We Shouldn’t Criticize Our Father’s Actions
This attitude is bad enough, but the older brother now goes further with what amounts to an accusation against his father. For now this self-righteous man declares: "[I did all this] and yet you never gave me a young goat, that I might make merry with my friends" (15:29b; italics added). Like almost all self-satisfied people, this brother feels that his father has given him less than he deserves. Not only has the fatted calf never been killed for him, he has never even been given a young goat for a party! In the same way, self-righteous Christians often feel aggrieved that God has not blessed or rewarded them more lavishly than He has. In fact, if there is some hardship in the self-righteous person’s life, he is likely to feel that he deserves "better than this" from the God whom [he thinks] he has served so well!
Such people entirely miss the spirit that our Lord Jesus Christ enjoined on His disciples when He said: "So likewise you, when you have done all those things which you are commanded, say, ‘We are unprofitable servants. We have done what was our duty to do’" (Luke 17:10). Obviously this is a far cry from the older brother’s arrogant criticism of his father.
There is a kind of irony in the fact that the older brother does not express a desire to "make merry with" his father, but rather he wishes to do that with his friends (v 29). He is way out of touch with his father’s heart on this occasion and he does not think in terms of sharing his parent’s joy, but simply doing something with people of like mind with himself. This is a tragic outlook indeed!
Sadly, the self-righteous Christian is often very much at home in the company of other self-righteous people with whom he can spend time commiserating about the low estate of the church, the faults of other believers, etc. Were God Himself to walk in on such a gathering, it would "spoil the fun" since the spirit of the self-righteous critic is truly a great distance removed from the spirit of a loving heavenly Father who longs for the return of His wayward children.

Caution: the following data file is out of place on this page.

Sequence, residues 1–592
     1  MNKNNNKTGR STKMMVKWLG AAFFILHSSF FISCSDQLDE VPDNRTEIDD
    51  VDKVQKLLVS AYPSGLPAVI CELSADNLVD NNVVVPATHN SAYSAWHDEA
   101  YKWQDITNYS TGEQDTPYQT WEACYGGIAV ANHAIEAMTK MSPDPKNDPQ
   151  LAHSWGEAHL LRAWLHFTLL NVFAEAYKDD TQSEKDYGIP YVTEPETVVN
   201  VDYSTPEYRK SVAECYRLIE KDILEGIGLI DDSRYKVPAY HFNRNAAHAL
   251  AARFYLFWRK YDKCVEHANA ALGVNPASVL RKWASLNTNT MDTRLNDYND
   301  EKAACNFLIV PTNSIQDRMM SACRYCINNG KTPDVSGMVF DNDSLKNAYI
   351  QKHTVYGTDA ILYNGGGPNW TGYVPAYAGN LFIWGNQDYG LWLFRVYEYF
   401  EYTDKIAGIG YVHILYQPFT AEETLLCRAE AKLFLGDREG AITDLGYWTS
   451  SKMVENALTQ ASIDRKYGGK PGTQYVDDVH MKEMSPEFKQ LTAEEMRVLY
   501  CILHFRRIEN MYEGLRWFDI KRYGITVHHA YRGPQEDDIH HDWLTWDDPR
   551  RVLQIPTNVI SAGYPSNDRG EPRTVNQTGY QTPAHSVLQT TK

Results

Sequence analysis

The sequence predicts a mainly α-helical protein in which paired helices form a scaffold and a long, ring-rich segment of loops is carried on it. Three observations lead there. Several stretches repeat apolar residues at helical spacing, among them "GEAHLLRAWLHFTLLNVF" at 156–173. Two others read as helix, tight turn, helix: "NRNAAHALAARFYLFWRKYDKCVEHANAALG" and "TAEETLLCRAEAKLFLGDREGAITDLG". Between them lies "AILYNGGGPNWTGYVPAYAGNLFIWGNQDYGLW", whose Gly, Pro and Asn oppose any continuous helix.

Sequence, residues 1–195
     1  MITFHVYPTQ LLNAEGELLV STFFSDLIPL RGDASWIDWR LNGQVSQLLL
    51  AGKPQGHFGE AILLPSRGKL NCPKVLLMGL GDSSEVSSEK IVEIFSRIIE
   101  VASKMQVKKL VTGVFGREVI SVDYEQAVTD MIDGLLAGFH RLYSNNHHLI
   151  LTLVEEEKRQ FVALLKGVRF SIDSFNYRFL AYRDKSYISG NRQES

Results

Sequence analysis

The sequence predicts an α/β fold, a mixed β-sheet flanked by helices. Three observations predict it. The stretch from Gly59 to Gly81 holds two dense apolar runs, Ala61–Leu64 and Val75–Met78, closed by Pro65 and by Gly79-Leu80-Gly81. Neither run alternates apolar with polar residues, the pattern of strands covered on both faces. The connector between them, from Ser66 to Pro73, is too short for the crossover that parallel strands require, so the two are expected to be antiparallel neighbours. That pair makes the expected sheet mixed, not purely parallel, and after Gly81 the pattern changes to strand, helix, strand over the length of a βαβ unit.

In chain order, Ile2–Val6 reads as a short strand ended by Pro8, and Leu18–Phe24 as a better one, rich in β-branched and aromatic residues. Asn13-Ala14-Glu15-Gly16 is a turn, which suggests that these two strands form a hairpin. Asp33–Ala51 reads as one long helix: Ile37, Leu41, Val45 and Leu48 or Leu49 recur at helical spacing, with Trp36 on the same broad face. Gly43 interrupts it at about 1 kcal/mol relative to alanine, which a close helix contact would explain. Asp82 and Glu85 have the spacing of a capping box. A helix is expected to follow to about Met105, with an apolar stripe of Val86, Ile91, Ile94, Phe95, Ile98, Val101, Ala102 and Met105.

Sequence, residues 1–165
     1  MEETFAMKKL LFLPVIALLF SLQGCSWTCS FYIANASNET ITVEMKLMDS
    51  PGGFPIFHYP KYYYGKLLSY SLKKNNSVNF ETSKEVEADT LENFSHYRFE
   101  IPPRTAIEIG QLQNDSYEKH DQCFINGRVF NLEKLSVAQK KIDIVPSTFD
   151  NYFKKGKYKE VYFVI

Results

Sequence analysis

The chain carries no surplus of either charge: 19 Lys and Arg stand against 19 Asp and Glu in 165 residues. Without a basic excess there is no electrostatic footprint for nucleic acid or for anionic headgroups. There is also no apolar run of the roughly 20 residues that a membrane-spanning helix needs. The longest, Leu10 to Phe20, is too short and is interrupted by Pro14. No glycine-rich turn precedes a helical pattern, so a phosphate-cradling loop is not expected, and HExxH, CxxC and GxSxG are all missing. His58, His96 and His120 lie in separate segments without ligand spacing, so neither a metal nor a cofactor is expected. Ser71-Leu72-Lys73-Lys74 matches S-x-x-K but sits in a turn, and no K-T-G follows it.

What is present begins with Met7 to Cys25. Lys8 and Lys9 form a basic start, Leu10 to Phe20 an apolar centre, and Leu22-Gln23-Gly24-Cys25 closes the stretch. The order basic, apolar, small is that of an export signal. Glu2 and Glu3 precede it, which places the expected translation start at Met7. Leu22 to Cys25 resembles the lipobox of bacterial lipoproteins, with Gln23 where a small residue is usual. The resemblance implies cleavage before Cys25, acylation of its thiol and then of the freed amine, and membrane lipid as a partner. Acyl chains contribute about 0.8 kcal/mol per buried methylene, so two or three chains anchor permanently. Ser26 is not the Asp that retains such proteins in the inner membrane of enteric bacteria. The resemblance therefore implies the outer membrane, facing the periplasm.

We Should Heed Our Father’s Gentle Rebuke
The father’s rebuke of his angry older son is gentle but firm: "Son, you are always with me, and all that I have is yours" (v 31). "Have you forgotten your advantages?" the father is asking. "You enjoy my presence at all times, and you are also my heir." With these simple words, the father delineates the sharp contrast between his older and younger sons. The younger son had left his father’s presence for a long time, accumulating all the ravages that his prodigal lifestyle had wrought. Moreover, he had squandered his inheritance since the money he had asked for and used was "the portion of goods that falls to me" (see 15:12). The inheritance of the older son was still fully intact. There was no need for him to feel resentment and jealousy simply because his father was having a celebration for his repentant son. The disadvantages of those wasted years were very real for the prodigal son. The older brother was far ahead of the game simply because he had stayed home.
There is no reason for believers to resent a straying Christian who returns to the fold. Such Christians have sustained real and tangible losses that obedient Christians do not experience. They have thrown away "treasures in heaven" which they could have been accumulating during their wayward years. Moreover they have lost the personal experience of the presence of God, for although He has always been with them, they have not been with Him in the sense of enjoying His fellowship and instruction. The longer a Christian lives his life apart from God, the more telling all these losses become. The solemn fact remains that, even after repentance, we cannot turn back the clock and relive those wasted years. It is well for the obedient Christian to recall these facts, since no amount of rejoicing about a brother’s return can erase that brother’s losses.